Personal information obtained on therapy visits is confidential. When applicable the name/location/sex/condition of persons visited may be changed to protect privacy. However, the interactions, conversations are true and did occur as written.
Gopher, Chad, and Carla are all volunteers. They do not officially represent any institution that may be mentioned.
Saying goodbye is always tough, but this time it was especially hard. Gopher and I had been visiting her every other week for 1 year, 9 months and 2 weeks when we had to bid adieu. She had been among the first of our patients in hospice volunteering, and we never missed an opportunity to spend time with her. Gopher would get excited at the mention of he name and whimper as we turned the corners nearing her home. She was one of his favorites.
Saying goodbye was especially hard because she had not been renewed for hospice services, she was still ill, and still suffered from her disease, it will be the disease that will end her life. However after many months she had not continued to decline naturally she had plateaued, thus was no longer eligible for the care that hospice provides. It is uncommon, but does happen that a person can graduate hospice. This is indeed joyful news as she will continue her time on Earth and have more memories with family and friends.
I am not a friend though, I am a Volunteer Professional Caregiver and so is Gopher so as the service is removed, I must also stop my visits. We had to bid farewell.
I knew this was to be the last visit for a few days and as I knocked on the door, Gopher sitting obediently at my side with tail wagging hard in anticipation I had to remind myself, just breathe.
The door opened and I was greeted by her husband a warm smile on his face and his attention quickly turned to Gopher. "What, why are you here, we don't like dogs here", he joked as he reached down and gave Gopher a scratch at the ear.
We walk into the house and settle into our place. Gopher gets up in his chair and leans in for the pets and the treats he is about to receive.
We talk about the good news, graduating from hospice, and what it means. They ask me a few times if there is any way I can continue to visit.
Just breathe, Chad, breathe.
"Unfortunately no, I am unable to continue visiting as Gopher and I have to visit as part of a service and since the hospice services are being removed I am unable to continue visits."
Breathe, pet Gopher, and look away so the tears that have started to form cannot be seen.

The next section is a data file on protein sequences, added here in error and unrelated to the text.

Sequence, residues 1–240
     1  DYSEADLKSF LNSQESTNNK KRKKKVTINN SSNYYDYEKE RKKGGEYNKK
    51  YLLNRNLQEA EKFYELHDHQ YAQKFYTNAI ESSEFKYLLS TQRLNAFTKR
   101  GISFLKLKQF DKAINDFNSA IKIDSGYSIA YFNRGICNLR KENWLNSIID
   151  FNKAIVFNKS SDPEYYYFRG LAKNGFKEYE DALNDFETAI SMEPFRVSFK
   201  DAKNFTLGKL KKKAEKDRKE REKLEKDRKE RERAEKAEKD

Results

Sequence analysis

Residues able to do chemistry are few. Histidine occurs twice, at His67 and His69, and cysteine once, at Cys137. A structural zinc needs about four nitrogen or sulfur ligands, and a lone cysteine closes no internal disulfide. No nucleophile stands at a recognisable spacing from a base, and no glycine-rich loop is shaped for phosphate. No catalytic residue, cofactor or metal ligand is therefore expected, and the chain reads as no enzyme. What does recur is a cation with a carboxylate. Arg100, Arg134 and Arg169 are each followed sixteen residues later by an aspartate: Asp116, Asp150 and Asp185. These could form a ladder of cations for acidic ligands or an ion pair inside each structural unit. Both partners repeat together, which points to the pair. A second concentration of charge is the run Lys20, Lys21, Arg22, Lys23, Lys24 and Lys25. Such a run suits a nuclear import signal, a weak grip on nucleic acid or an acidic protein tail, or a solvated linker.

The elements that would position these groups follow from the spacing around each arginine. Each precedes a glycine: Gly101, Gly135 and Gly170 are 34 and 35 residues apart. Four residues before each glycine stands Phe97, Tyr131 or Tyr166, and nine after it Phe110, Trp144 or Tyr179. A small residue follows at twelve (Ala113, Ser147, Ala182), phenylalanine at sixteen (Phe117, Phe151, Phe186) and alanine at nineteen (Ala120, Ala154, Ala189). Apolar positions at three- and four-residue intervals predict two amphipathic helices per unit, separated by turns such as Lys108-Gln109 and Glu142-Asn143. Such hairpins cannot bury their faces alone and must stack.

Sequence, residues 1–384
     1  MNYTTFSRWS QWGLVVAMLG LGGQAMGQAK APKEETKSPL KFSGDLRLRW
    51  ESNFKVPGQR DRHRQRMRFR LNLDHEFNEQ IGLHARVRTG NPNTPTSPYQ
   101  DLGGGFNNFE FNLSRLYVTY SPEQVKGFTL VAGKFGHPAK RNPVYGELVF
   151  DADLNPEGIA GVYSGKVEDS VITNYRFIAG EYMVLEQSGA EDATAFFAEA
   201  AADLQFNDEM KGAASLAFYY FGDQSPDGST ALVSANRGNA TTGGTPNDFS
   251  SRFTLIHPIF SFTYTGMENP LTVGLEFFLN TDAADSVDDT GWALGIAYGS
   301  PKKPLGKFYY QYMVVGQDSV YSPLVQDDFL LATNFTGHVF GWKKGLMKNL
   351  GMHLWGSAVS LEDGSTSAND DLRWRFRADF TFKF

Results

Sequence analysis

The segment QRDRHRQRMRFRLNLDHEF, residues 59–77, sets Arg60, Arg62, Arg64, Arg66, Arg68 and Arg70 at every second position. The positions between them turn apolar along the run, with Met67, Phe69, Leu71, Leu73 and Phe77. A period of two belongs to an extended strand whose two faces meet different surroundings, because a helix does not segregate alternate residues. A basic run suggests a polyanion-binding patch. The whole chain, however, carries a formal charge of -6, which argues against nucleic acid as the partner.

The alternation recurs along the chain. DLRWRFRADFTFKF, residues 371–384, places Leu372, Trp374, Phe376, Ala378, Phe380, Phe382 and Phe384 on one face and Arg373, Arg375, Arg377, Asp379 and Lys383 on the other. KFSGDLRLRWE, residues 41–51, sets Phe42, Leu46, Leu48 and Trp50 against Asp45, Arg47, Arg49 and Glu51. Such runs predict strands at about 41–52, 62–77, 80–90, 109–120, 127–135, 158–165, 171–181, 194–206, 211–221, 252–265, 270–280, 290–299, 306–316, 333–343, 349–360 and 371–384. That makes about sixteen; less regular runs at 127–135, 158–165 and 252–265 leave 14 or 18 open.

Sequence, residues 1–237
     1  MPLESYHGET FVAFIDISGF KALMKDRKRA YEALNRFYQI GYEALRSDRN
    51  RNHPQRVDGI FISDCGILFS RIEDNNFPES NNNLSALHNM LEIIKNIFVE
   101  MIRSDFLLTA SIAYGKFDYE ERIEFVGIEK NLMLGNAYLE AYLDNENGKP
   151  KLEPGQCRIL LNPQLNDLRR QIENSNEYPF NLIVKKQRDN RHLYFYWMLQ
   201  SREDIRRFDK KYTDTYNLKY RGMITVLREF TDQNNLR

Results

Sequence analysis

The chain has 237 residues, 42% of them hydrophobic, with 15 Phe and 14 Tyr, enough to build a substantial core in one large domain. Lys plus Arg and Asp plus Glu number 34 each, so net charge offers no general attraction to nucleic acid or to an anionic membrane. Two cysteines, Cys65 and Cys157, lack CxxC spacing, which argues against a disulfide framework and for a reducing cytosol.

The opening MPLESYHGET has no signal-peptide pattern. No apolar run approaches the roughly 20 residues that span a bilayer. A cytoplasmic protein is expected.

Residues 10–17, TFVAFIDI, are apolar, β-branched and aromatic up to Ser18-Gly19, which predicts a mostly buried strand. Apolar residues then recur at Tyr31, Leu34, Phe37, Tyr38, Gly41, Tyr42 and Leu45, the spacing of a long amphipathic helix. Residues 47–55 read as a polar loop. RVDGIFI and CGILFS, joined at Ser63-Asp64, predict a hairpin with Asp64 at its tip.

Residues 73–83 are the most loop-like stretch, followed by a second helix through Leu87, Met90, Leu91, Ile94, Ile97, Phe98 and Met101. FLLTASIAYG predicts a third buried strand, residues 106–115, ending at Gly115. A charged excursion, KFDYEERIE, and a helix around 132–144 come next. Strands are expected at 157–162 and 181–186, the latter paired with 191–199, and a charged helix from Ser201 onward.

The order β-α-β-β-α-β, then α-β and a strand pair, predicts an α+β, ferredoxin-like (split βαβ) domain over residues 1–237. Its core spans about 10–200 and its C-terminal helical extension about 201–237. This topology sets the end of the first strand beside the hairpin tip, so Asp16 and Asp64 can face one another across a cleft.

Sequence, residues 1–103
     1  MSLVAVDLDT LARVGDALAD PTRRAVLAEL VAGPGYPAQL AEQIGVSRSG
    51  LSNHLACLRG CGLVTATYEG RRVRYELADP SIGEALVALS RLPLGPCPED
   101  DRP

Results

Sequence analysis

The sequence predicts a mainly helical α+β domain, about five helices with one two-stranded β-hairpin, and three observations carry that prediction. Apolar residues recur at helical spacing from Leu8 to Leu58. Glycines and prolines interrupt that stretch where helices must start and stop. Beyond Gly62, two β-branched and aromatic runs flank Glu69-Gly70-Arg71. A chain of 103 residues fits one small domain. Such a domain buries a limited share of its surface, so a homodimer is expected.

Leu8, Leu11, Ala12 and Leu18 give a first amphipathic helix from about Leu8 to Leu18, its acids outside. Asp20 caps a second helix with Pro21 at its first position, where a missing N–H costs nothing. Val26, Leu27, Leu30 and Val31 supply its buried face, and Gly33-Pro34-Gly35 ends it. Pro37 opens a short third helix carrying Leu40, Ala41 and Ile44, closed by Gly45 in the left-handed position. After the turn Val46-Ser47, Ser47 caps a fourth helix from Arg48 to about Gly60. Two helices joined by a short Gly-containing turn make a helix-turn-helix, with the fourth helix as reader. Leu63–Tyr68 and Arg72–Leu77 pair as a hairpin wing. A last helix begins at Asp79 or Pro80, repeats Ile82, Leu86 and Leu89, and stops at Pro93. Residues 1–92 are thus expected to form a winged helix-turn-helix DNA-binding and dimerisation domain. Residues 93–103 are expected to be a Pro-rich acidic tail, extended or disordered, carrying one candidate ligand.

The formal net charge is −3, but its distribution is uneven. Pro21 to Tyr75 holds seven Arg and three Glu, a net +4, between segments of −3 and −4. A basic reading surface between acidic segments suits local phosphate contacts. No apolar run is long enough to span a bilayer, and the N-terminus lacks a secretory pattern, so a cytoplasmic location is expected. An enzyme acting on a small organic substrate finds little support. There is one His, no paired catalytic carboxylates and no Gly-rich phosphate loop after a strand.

They say they understand, we continue our visit.
Our patient leans into Gopher, "Gopher I am going to miss you, you are such a good friend Gopher, I love you." Tears are dripping down her face and the leash grows tighter in my hand as Gopher leans in closer to her. She buries her head in his fur and once again his coat absorbs more tears. It is unimaginable how many tears have been dried by that golden fur.
I get closer, pet Gopher while looking out the window so that the family could not see my own tears.
Gopher and I present her with a prayer shawl as a memento and get up to leave for the last time, at least for now. I remind them that should services be necessary again to ask for Gopher and I.
I shake her hand, "Thank you, it has been an honor to be here." I shake hands and say goodbye to the rest of the family. Then hurriedly rush to the door as I feel the tears welling up and do not want to let them see me lose my composure.
This was not what I had signed up for when I joined hospice, an started working with the family and patient. Gopher and I were supposed to be there to help support in any way we could until the inevitable end, but we had no end. Our patient was still ill, still suffering, and still wanted to see Gopher, but we could no longer visit. It feels as if we left with our job unfinished.
In the time leading up to our last visit and even as I write this I still struggle with our goodbye. We were not done, we had committed to be with the family and the patient until the end, and the end had not arrived, but we are no longer in service. It was possible for us to continue visiting her, she had become so special to us and it was tempting. However to do this I would have had to move past the caregiver relationship to that of a friend, I would have also had to take a leave of absence from the hospice program, and stopped visiting our other patients. Being raised on Star Trek, this seemed wrong as "The need of the many outweigh the needs of the few or the one." It was logic that made me say goodbye, so that I could continue to visit the other patients who had grown to love and need Gopher as well.
It is a perfectly logical decision and the right one, if only logic would fix my heart.
Live long and prosper.